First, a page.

Chapter Three is devoted to the history of Messalianism. Here two basic problems come into notice. One of them is particular, it is connected with prosecutions of Syrian mystics accused of Messalianism in the VII—VIII-th centuries. The other is general, it concerns continuity of the Messalianism-Paulicianism-Bogomilism line: can this line be regarded as the genesis or typology of heresies? Armenian sources link Messalianism with Paulicianism, but can they testify to the existence of a historic link between Messalianism and Bogomilism? The first to speak about the influence of Messalianism on Bogomilism was a Byzantine author of the XII-th century — Euthymius Zigaben. However, Zigaben derives not the whole Bogomilism but only some separate «demonological» aspects of this heresy from Messalianism. Nevertheless beginning with the XII-th century «Messalianism» becomes one of the names applied to Bogomilism. Here the question is — whether it is possible to consider the transference of this name from one heresy to another as a formal label, having nothing to do with the historic process, or as something concealing a certain reality behind this transference. In modern study there are opinions regarding this transference as not corresponding to reality (for example — A.Rigo), or, in the best case, as reflecting only some formally-typological pecularities (K.Fitschen). As the existence of Messalianism seems to have come to an end in the VII-th century, contemporary scholars deny any genetic kinship between Messalianism and Bogomilism. But this point of view can hardly explain «Syrian» and «Armenian» Messalianism of the VII—VIII-th centuries and complete unanimity of later Byzantine and Slavonic sources in calling Bogomils with the name «Messalians». The investigation (at the beginning of chapter 4 of the Introduction) of the Byzantine prosecutions of heretic «Messalians» in the XII-th century shows that the epithet «messalian» was used towards orthodox authors, writing in line with or under a direct impact of CM (Constantine Chrysomallos), as well as towards persons being to some extent under the influence of Bogomilism or some heretic teachings (Clement and Leontius). So the position, specially considering the problem of typological parallels or genetic roots of the three heresies (Messalianism, Paulicianism and Bogomilism) in each concrete case, seems to be more cautious.
In the last fourth chapter of the Introduction, part I, section II, one of such concrete problems is investigated. For Messalians of the IV-th century a prayer was a technical device for exorcising devils and that is [P.1046] why a person practising it — a heretic — was called in Greek eÙc…thj, which means «a man of prayer». Ten centuries later Barlaam of Calabria accused hesychasts of «messalianism», which consisted in their using only one Jesus prayer (and that, in Barlaam’s opinion, was distorted). Was «messalianism» in his accusation a mere «label», as J.Meyendorff and A.Rigo suppose, or can it have some real grounds?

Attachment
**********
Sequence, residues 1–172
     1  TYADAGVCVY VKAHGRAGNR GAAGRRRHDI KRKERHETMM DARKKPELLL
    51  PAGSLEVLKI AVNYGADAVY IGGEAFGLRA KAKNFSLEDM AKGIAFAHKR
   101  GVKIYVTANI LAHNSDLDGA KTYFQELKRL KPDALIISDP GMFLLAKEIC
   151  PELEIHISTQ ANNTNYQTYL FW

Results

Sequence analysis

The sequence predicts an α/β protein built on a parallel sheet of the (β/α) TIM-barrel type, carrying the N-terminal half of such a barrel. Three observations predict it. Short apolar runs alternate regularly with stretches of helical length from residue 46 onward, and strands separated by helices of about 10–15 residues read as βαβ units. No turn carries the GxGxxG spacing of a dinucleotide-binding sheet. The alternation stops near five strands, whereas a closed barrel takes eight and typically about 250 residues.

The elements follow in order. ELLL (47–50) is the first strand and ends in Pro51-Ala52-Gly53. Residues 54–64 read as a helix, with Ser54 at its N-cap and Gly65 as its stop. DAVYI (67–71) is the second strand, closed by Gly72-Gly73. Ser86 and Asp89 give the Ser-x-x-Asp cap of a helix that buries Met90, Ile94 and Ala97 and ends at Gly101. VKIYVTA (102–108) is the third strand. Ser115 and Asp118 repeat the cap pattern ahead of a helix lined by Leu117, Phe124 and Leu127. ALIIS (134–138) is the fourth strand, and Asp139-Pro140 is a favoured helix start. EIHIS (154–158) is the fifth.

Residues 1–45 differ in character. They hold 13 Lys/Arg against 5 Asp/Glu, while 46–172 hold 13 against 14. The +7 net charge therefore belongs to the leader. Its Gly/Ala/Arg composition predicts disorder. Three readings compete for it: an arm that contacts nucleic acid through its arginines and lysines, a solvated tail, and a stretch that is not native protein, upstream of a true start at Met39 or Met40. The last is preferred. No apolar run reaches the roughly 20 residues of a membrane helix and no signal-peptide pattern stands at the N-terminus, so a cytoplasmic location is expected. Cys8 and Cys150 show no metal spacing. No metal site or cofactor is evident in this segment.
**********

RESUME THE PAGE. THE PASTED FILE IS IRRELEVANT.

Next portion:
As the answer to this question a historic situation connected with the text of the Jesus prayer in Russia is given. In some ancient Russian collections (Domostroy [«Home-building»], The Book of Psalms) the Jesus prayer was supplemented by a special text of interpretation according to which the Holy Trinity entered a man, repeating this prayer unceasingly in a specific way of breathing during three years: Jesus Christ — the first year, the Holy Spirit — the second year, Lord of Sabaoth — the third year. After that the heart itself begins to produce this prayer exclaiming it day and night, and such a man becomes free from all kinds of devil’s nets or passions. For theological foundation of the Jesus prayer ancient Russian texts present 1 Cor. 14: 19 in interpretation as if by St. John Chrysostom, where «the five words» are associated with «Lord Jesus Christ, Son of God» and «have mercy on me, a sinner» are considered additional «for the sake of humility». This ancient Russian interpretation of the Jesus prayer was widely spread not only due to the mentioned anthologies but also due to the book «The Flower garden [of Sayings]» (Tsvetnik) by a priest-monk Dorotheus (the first half of the XVII c.), republished by Old Believers for their use up to the XX-th century. Chapter 31 of the «Flower Garden» presented a complete interpretation of the Jesus prayer with the exception of the «five-numbered» words and the reference to Apostle Paul and St. John Chrysostom. In the XIX-th century St. Ambrose of Optino and St. Theophan the Recluse noticed a heretic character of the interpretation included in the «Flower Garden» but could not explain its origin. St. Ambrose thought that the book «had been spoiled by the Old Believers». This opinion was wrong, as this interpretation had been known in Russia long before the Schism took place.